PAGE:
Thursday, October 1, 2009

Regata Storica through the lens of Nereo Zane - 5

Here are a few more of Nereo Zane's photos from the parade portion of the 2009 Reegata Storica. The other day, Nereo e-mailed me a link to this terrific website, which describes the historic regata much better than I can:

And just in case you missed it, yes, the Regata Storica has it's own Facebook page!
Amazing. There's a Facebook page for everything these days. I'm thinkingg about launching a Facebook page for my car. I love my car, and I think my car deserves it's own page. I wonder how many friends it would get.

But again, I digress.

Red and gold abound in Venice, and especially when it comes to the pomp and circumstance of a procession afloat. But this greem one really catches my eye each time I see it.

We've all seen the winged Lion of St. Mark. He's usually holding a book which is open to display words in Latin.

But there's another version of this sacred icon of the Serene Republic: in times of war, that same lion is depicted holding a sword, which we see here:


Tamas Feher from Hungary said...

> But this green [bissona] really catches my eye each time I see it.

The guy in the stern, is he wearing a turban, maybe? If so, then it may be a historic re-enactment of the ottoman ambassadors's galley, green being the prophet's color.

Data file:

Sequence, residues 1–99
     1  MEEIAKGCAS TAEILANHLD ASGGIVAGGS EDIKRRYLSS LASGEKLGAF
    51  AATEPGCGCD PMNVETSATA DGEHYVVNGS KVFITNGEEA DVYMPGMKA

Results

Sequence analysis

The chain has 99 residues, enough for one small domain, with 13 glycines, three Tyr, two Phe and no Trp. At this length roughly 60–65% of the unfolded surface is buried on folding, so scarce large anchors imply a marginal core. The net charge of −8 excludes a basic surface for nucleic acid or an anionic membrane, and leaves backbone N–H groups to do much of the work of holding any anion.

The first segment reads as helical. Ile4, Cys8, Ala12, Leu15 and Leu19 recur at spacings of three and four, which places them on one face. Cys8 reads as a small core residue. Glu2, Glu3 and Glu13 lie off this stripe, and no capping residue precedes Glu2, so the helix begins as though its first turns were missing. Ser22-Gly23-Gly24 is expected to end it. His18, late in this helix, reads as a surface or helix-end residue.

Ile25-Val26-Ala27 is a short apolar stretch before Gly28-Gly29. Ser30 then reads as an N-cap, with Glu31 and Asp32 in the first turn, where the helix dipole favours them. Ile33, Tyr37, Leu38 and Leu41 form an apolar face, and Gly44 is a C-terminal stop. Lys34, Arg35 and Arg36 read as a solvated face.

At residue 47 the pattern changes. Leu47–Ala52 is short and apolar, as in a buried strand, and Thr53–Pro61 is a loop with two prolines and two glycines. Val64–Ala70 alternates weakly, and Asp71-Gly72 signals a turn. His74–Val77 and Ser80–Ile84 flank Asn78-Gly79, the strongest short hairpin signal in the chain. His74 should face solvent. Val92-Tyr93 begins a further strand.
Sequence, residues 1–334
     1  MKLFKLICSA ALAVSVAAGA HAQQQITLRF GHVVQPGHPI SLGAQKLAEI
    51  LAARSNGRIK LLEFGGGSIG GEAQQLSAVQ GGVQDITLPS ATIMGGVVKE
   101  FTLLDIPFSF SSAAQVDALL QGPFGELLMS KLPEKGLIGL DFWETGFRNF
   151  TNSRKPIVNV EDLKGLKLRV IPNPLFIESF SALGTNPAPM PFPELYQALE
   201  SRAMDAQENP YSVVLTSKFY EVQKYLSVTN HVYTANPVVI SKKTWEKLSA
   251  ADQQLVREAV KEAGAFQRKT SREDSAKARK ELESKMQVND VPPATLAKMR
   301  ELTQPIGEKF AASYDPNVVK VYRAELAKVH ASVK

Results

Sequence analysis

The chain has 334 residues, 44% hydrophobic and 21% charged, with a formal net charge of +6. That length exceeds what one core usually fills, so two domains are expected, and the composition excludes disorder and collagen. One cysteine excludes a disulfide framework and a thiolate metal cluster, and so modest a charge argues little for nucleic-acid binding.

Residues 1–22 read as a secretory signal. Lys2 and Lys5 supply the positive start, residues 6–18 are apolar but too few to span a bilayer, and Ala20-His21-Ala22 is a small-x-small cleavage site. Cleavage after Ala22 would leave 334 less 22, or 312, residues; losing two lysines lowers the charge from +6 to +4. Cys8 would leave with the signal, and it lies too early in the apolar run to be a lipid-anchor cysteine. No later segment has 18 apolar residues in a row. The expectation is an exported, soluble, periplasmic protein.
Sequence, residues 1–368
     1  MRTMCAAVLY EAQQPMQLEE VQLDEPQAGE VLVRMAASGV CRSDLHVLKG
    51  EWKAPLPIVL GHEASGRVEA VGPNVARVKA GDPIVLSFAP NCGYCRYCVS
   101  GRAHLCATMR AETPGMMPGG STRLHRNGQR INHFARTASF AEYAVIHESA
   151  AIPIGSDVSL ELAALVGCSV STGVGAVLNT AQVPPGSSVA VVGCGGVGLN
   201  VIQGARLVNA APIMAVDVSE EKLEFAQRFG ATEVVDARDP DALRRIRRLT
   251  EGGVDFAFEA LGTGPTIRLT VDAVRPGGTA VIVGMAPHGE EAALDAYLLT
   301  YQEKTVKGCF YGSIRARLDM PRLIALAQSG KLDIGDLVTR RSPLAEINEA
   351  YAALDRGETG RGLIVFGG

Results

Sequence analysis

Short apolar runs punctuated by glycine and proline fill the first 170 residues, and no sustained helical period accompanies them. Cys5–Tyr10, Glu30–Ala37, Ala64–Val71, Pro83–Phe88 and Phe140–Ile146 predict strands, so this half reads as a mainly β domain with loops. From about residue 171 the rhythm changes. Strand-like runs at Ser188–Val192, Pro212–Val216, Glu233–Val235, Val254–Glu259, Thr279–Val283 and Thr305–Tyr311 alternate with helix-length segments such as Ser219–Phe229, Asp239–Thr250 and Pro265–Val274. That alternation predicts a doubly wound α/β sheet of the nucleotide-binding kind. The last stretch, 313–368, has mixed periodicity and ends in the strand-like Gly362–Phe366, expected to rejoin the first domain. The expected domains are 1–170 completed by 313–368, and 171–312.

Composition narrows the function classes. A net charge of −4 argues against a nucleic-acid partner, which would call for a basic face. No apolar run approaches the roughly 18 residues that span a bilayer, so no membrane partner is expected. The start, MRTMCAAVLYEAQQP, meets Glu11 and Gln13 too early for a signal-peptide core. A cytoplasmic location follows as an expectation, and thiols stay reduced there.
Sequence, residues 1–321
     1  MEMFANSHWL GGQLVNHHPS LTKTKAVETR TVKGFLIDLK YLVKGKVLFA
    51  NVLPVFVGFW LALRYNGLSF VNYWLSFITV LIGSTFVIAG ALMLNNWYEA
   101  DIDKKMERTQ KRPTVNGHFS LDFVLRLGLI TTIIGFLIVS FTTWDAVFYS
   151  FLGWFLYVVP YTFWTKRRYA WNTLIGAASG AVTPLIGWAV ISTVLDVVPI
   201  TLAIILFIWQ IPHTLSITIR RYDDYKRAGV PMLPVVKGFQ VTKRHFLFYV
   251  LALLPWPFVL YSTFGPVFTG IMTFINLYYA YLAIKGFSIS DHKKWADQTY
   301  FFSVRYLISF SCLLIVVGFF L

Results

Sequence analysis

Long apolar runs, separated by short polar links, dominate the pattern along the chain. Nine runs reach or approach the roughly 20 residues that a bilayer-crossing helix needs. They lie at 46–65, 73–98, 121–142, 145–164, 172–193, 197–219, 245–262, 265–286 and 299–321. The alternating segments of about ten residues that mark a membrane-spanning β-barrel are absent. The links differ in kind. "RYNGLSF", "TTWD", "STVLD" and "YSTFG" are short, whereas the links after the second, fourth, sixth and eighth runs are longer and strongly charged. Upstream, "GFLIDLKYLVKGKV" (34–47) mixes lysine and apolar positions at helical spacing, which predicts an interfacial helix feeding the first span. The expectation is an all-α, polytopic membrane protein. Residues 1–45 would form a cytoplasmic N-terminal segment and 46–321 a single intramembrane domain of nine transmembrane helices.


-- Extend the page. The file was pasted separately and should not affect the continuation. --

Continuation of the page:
> lion with book or sword

That habit is still preserved in the italian flags on sea. Warships have flags with a crest depicting a sword-bearing lion and italian merchant ships have crests with a reading lion.

The italian naval crest is a combination of the coat of arms for Amalfi, Pisa, Genoa and Venice city-states.

Gondola Greg said...

I think you may be on to something here Tamas.
I know that many of the boats in the procession are meant to portray vessels from other kingdoms.

Bob Easton said...

Thanks to you and Nereo for the great pictures! Very enjoyable!

About that lion... Travel around the Adriatic Sea and you'll see the lion and his book in many many places. Every place that Venice once ruled usually has the lion on some historic building.

The book is NOT always open. For places that welcomed Venetian rule, the book is open. For places that were conquered by force, the book is closed.

Keep an eye out for those lions and books.

Nereo Zane said...

Hi Bob thanx for the compliments about my phots. You're right about the Winged Lion and the sword: here is view of the Lion with the sword. It firmly holds the book closed with the left leg:


Nereo said...

Sorry, the correct address is

(on the same row)

Gondola Greg said...

Awesome comment Bob!
I'll be looking.
Now if I can just find a good excuse to get back over there to look!